D&D meets MTG: Discovering the newest Magic release

One of the core mechanics of Magic: The Gathering is that they print series of cards, which cycle through their standard system. Usually, these new sets are spread out, so players aren’t constantly just out of luck with their decks if they’re playing standard. 

But over the last year or so, Wizards of the Coast has really stepped up the pace on producing these sets, and has more of them still in standard rotation than ever. 

They’ve had some pretty neat themes, too. So far this year, we’ve gotten vikings, anime magic school with specialized Japanese art—and as of a couple weeks ago, even D&D.

Right up until the release, I had no idea it was coming. Which isn’t terribly surprising, given how new I am to Magic. But as soon as Shane and I found out, we knew we’d have to hop on that train. After all, D&D was the first game we started playing together, even before we were officially dating.

So we picked up a pre-release pack, and set about opening up our new cards.

The printing issue

Before we even got our cards, Shane heard from one of his more heavily involved friends that there was a packing issue with the D&D set. 

Let me clarify: There was an issue for the printers, but a massive bonus for players.

As it turns out, some of the pre-release packs came with a random chance that players could get what was quickly dubbed by the community as “god packs.” And it’s as cool as it sounds. Essentially, instead of the basic land that Wizards normally includes at the end of a pack, there was a chance of getting a box where all six booster packs would have really cool foil cards.

It was a totally random chance; we were lucky enough to get them for about half the packs we opened, but I know plenty of people who didn’t find even one. And on top of that, I’m not sure how widespread it was. To my knowledge, it never even made it onto social media aside from one video from our local shop.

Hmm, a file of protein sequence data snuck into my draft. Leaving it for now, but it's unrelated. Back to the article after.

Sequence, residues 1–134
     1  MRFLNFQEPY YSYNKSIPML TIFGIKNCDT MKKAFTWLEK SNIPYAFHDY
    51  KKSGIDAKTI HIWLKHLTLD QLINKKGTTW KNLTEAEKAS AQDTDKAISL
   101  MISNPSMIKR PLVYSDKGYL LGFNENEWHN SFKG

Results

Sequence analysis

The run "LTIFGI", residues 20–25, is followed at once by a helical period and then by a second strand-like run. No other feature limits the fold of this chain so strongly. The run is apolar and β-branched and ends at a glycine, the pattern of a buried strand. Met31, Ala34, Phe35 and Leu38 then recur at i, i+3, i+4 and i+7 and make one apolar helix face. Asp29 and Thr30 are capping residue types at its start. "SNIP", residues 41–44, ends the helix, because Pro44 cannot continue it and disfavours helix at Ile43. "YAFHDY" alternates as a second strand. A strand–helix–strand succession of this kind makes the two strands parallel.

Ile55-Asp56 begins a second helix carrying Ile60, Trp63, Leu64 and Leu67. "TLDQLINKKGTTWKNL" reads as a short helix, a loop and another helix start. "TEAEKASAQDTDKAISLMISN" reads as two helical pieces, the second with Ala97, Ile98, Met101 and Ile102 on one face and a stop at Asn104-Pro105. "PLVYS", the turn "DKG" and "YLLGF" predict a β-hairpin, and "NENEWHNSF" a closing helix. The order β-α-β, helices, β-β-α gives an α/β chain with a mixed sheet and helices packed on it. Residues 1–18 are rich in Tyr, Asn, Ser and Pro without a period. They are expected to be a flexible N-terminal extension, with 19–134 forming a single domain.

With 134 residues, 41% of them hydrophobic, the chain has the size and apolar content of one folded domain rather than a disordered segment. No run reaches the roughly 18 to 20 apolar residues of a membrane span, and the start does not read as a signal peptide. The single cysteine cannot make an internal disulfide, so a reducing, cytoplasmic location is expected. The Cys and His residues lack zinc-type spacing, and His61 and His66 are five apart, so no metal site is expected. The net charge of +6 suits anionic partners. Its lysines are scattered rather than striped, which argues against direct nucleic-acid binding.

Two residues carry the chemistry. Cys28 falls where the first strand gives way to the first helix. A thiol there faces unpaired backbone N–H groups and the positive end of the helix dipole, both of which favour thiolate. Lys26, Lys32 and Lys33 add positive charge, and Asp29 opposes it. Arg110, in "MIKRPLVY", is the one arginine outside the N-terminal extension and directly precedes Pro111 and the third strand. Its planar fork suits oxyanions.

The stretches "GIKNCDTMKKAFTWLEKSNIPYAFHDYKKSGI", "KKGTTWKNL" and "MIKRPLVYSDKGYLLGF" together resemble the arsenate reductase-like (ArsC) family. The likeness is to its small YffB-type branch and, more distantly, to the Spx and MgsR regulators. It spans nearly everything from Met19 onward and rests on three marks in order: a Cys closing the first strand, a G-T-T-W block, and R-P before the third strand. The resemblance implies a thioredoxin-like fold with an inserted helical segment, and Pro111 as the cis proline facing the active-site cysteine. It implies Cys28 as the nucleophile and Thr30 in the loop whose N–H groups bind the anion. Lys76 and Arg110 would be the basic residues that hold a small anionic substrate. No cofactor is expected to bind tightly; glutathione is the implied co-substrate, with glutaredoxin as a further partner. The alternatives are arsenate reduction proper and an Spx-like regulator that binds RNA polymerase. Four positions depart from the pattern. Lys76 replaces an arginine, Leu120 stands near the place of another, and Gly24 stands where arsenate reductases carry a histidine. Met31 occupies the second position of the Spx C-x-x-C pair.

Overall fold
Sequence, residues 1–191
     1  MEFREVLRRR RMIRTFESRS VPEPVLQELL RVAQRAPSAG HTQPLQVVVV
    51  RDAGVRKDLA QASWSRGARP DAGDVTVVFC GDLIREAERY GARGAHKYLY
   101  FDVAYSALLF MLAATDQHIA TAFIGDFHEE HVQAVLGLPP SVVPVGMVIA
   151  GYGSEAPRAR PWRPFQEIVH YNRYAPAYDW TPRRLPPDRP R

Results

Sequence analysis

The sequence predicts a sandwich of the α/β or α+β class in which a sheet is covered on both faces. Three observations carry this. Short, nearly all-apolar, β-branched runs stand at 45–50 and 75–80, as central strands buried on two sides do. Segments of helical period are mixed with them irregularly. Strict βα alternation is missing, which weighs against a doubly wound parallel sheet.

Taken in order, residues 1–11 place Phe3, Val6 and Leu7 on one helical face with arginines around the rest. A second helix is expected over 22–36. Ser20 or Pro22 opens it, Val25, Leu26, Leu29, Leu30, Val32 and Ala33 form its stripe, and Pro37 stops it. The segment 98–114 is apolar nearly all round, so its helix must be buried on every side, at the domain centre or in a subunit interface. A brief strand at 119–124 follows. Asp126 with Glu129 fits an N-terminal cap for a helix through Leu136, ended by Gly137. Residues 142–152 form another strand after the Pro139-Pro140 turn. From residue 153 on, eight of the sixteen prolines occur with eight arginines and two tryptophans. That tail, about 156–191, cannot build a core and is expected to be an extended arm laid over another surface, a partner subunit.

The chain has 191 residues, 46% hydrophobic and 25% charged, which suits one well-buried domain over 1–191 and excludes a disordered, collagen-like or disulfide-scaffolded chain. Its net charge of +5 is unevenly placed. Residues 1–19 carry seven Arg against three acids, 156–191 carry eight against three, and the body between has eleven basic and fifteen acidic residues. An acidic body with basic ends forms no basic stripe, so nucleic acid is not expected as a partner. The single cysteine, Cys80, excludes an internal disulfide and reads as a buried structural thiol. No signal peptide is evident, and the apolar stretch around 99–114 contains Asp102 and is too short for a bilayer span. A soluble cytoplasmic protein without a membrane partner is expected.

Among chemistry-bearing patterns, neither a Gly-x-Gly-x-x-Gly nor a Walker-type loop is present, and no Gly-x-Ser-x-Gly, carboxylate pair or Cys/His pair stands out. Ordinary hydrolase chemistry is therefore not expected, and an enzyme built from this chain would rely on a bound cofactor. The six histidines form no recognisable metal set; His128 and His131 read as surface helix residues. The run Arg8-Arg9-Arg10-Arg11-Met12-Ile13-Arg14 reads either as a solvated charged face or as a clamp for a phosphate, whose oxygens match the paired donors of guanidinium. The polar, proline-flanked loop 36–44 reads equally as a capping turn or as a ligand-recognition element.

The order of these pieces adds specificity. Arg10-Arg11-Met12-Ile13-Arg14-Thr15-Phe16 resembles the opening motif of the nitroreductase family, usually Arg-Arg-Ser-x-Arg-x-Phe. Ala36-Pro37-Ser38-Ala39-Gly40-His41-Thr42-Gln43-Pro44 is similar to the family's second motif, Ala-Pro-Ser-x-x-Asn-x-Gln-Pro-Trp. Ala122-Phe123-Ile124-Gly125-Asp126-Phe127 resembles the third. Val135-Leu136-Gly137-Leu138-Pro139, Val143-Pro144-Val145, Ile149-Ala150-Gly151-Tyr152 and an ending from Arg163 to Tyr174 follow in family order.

In any case, it was pretty darn cool. So if you happen to get any of these packs, just know that there’s a chance of benefiting from some big-time whoops packing!

Experiencing D&D through the cards

As any seasoned D&D player can tell you, there are a few staples of the game. Obvious ones include dungeons (which are a turn-based mechanic for this release) and dragons (of which there are plenty for every colour!). 

But less obvious ones are things like what Wizards turned into spells for this release.

I just about burst out laughing when I came across a particular green spell that I’m sure every DM in the entire world has said at some point: You Meet in a Tavern. Other notable favourites of mine were You Find the Villain’s Lair, You Come to a River, and You’re Ambushed on the Road. 

I’m sure I’ve heard them all in one campaign or another, and it was just fun to see them come to life in this format (and to realize just how many tropes there really are).

Running a pre-release party

As part of the release, a few of Shane’s friends decided to host their own (legal now!) mini pre-release party at a game cafe near us. And I’ll be honest; I had little to no idea what that meant. 

As I quickly learned, it means that you get a pre-release box, open it up, and then build a deck with about 40 cards from what you got and play everyone else at the table. So as you can imagine, it can lead to some pretty haphazard situations.

I was pretty lucky that my box was both a god pack and heavily themed toward black and blue, so building the deck was easy enough. But the execution left something to be desired; after all, I’ve never played black or blue in my life! Against tournament-level players, I didn’t stand an iceberg’s chance in hell. But it was fun all the same.

Now, as I’m learning more about what these cards do, I’ve been working on a concept for a dragon-themed deck using all our new dragon cards. It’ll take a while to complete, I think, but it will be a fun challenge!

Leave a Reply

This site uses Akismet to reduce spam. Learn how your comment data is processed.